Like the Tigers, Penn has a formidable balance of interior size and perimeter shooting. Down low, the Quakers’ backbone consists of bigs AJ Brodeur and Max Rothschild, as well as stretch four Michael Wang.

The freshman forward from Taiyuan, China and a high school classmate of Harvard guard Spencer Freedman is one of Coach Steve Donahue’s most relied upon contributors off the bench, averaging close to 10 points per contest and making about a third of his 74 triples attempts.

While Brodeur maintains his role as the centerpiece in the Quaker offense, junior guard Devon Goodman has emerged as another cog on both sides of the court, highlighted by a team-high 33 steals and second-leading PPG average of 13.5. Goodman was at the top of the scoring sheet in both games this past weekend, and together alongside first-year Bryce Washington have combined to attempt more than 200 triples on the year.

Back to the crimson side, Harvard will certainly need plenty of firepower of its own to clean slate, and Coach Amaker recognized that this will be certainly a make-or-break weekend.

“I am hopeful that we will be better this weekend and then win,” Amaker said. “ I think we will be better and understand what it takes to the play we need to play to our identity and our standards.”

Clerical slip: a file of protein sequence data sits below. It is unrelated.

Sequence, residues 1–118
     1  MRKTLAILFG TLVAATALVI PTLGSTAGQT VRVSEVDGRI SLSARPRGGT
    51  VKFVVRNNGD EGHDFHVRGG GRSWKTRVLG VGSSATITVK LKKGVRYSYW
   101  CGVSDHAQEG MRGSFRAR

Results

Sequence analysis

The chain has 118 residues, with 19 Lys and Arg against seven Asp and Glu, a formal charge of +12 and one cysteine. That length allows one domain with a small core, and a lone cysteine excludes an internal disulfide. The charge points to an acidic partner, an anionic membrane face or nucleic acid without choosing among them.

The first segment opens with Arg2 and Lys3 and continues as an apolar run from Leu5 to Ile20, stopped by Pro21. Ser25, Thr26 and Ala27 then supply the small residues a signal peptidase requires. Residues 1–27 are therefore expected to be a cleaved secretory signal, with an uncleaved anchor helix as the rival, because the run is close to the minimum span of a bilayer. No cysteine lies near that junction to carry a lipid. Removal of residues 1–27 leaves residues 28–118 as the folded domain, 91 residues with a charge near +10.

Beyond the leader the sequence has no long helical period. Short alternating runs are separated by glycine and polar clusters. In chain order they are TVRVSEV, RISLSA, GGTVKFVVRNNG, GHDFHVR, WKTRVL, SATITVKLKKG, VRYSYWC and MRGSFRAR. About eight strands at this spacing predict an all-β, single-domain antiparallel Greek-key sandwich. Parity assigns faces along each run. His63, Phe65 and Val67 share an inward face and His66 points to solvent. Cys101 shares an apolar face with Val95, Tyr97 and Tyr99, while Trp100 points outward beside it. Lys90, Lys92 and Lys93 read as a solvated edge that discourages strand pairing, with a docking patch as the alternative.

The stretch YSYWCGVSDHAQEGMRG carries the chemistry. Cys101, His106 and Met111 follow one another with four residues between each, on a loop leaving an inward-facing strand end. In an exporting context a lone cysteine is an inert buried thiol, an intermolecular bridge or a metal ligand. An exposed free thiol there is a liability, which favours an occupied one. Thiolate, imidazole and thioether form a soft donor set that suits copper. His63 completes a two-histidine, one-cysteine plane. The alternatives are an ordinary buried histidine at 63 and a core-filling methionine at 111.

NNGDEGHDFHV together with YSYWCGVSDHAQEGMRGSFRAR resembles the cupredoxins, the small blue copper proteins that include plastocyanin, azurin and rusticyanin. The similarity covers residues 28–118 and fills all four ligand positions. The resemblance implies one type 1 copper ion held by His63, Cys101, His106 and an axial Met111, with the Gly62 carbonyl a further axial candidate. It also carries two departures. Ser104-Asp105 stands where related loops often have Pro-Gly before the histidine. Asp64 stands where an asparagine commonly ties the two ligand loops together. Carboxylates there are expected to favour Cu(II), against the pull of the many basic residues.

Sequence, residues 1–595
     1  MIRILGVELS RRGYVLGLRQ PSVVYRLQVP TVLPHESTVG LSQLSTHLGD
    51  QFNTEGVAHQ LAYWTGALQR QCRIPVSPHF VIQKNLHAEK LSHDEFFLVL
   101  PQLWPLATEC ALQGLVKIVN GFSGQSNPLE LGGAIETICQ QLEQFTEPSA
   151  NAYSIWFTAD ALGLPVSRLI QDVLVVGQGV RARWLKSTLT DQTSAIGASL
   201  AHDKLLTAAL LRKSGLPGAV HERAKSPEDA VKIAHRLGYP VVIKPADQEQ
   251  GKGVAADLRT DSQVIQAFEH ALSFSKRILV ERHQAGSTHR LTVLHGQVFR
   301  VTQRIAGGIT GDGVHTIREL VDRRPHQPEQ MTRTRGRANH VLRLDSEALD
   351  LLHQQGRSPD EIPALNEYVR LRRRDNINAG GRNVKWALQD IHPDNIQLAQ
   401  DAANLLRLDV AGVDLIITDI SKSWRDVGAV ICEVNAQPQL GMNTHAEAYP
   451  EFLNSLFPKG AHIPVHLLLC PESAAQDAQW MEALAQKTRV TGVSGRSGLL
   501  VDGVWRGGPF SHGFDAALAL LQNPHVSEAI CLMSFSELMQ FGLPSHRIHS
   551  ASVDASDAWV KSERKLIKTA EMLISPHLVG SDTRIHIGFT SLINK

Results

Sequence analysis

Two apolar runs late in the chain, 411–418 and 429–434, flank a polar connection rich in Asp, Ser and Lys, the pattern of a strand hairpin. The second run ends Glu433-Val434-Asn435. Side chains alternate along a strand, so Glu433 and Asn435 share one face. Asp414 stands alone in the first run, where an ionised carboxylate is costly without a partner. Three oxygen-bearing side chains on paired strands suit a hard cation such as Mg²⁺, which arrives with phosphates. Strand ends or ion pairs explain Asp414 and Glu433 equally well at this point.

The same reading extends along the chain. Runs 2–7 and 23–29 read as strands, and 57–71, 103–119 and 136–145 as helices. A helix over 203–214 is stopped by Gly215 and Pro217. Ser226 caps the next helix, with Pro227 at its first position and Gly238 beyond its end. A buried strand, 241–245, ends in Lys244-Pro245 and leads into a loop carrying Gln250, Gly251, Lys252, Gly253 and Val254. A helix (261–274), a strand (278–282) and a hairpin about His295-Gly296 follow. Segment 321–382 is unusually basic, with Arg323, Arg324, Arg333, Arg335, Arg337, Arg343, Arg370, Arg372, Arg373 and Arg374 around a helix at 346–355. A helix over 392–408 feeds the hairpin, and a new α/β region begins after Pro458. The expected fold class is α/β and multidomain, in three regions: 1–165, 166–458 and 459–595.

“You can never get too high or too low,” Baker added. “Learn from what went well and what went bad in the previous game and just move on and be refocusing our attention on our next opponent.”

The Crimson head into this conference weekend with the fulcrum of Ivy’s balance of power in flux. As much as Harvard would like to hypothetically acquire a few more days of recovery and perhaps one more stint at Lavietes, the supremacy of the Ivy League schedulers reign.

Time to board up the buses.

Current Top 4 Ivy League standings:

1. Yale(5-1)

2. Princeton (4-2)

3. Cornell (4-2)

4. Harvard (4-2)

— Staff writer Henry Zhu can be reached at henry.zhu@thecrimson.com. Follow him on Twitter @Zhuhen88.